At Goldcorp, we’re proud to have highly trained Mine Rescue and Surface Emergency Response Teams at our mining operations, ready for any emergency that might arise. Thankfully, these rarely occur; but at the same time, how can response teams stay at the top of their game if they’re hardly ever activated?
Although each mine’s emergency responders receive regularly scheduled training to stay fresh, many felt they would benefit from getting together in a focused, organized event that promotes sharing knowledge and improving skills. To that end, Goldcorp’s Mine Rescue Summit was developed to keep emergency responder skills up-to-date with specialized realistic training exercises that put each participant to the test.
“The idea came from when we match-up strong, experienced teams at our existing operating sites with teams at newer sites within the organization to help train them,” states Paul Magny, Manager of Health, Safety and Security at Goldcorp’s Coffee Project and Chair of the Summit’s organizing committee. “It’s an opportunity for Goldcorp to bring together responders from all our sites and provide strong training which they can then bring back to their sites and share with their teammates.”
This year’s event took place in late July in Gravenhurst, Ontario. Eighty-five responders from across the Goldcorp operations in Canada, Mexico, and South America spent the week honing their skills and gaining knowledge in various seminars, presentations, workshops and group sessions, and together conducted realistic response and rescue training scenarios that included first aid, high angle rope rescue, low visibility search and rescue, confined space rescue, specialized equipment training, auto-extrication, firefighting, train derailment, underground mine rescue and new this year, aircraft extrication.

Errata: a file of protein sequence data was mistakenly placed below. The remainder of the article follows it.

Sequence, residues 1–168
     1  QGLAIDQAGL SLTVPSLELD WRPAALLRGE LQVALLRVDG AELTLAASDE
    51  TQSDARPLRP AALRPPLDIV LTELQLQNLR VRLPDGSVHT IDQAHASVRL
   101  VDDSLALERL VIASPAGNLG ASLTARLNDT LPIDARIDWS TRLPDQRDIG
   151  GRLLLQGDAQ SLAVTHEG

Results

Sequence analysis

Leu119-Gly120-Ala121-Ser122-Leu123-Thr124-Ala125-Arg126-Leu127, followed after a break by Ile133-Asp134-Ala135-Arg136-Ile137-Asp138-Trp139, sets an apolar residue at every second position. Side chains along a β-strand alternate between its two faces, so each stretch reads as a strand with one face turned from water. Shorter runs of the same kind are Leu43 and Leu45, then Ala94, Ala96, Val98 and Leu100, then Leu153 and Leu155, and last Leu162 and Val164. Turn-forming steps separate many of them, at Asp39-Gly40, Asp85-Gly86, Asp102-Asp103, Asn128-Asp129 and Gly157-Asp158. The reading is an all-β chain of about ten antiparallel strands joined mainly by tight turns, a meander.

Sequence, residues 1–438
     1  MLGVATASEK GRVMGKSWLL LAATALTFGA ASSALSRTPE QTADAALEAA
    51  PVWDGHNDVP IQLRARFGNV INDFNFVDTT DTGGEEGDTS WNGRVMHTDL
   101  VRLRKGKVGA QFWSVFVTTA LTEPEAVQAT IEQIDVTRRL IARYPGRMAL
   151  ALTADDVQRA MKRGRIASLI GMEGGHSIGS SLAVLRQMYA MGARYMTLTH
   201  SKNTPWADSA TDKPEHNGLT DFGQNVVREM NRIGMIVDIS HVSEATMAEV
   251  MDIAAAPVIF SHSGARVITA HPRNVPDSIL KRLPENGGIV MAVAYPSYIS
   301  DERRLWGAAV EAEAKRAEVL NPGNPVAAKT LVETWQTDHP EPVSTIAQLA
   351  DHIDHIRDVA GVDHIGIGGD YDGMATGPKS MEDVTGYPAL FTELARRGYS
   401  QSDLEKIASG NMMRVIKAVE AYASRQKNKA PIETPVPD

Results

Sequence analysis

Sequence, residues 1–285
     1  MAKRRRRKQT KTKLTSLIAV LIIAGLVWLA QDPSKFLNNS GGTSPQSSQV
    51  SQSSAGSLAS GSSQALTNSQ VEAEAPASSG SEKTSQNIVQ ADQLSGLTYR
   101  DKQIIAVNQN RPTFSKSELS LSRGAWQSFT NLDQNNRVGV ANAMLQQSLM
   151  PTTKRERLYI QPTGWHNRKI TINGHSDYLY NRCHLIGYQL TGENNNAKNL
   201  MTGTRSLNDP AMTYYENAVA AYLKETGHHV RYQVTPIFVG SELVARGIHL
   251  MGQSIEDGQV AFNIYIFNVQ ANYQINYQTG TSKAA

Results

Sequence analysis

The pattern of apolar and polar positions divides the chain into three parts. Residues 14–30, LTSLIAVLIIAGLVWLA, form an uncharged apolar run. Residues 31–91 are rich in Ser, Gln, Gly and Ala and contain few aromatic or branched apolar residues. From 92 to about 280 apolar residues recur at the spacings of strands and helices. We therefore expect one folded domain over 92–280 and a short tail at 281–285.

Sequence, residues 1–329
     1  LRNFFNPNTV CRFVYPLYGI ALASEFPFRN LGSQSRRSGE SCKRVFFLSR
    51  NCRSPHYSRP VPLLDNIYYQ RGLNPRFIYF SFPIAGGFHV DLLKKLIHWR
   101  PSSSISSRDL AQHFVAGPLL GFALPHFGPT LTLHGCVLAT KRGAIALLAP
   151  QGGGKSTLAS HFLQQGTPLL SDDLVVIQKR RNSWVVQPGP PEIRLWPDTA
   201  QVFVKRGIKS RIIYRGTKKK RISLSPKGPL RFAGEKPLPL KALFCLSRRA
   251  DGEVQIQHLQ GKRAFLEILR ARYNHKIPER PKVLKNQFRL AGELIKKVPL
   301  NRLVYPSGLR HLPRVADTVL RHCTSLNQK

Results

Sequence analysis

After completing the aircraft extraction scenario, one participant, Marc Charron, Porcupine Gold Mine’s Emergency Response Team Coordinator, said, “That exercise sure stood-out for me. An aircraft emergency could very well be a reality for Goldcorp as we do have fly-in operations where our employees arrive on site via aircraft. Should anything happen, thanks to this training, responders are prepared and equipped to respond if ever required to.”
By design, teams at the Summit were formed by strategically mixing people from various sites to promote sharing and networking. Twenty-two interpreters were also on hand to assist with translations, but as the week progressed the translators were needed less and less, as the teams found other effective ways to communicate. The general spirit of the Summit was educational and team building, rather than a rescue competition, and the networking opportunity made a lasting impression. “The friendships that have developed and the energy levels have been outstanding, and the participation has been really strong,” added Magny.
Despite the high-risk events happening daily, the entire Mine Rescue Summit was incident free. “It’s been very controlled and approached very tactfully with the proper risk assessments,” concluded Peter Calnan, VP of Safety & Health. “Everything needed to keep our people safe has been done, the commitment to safety has been relentless.”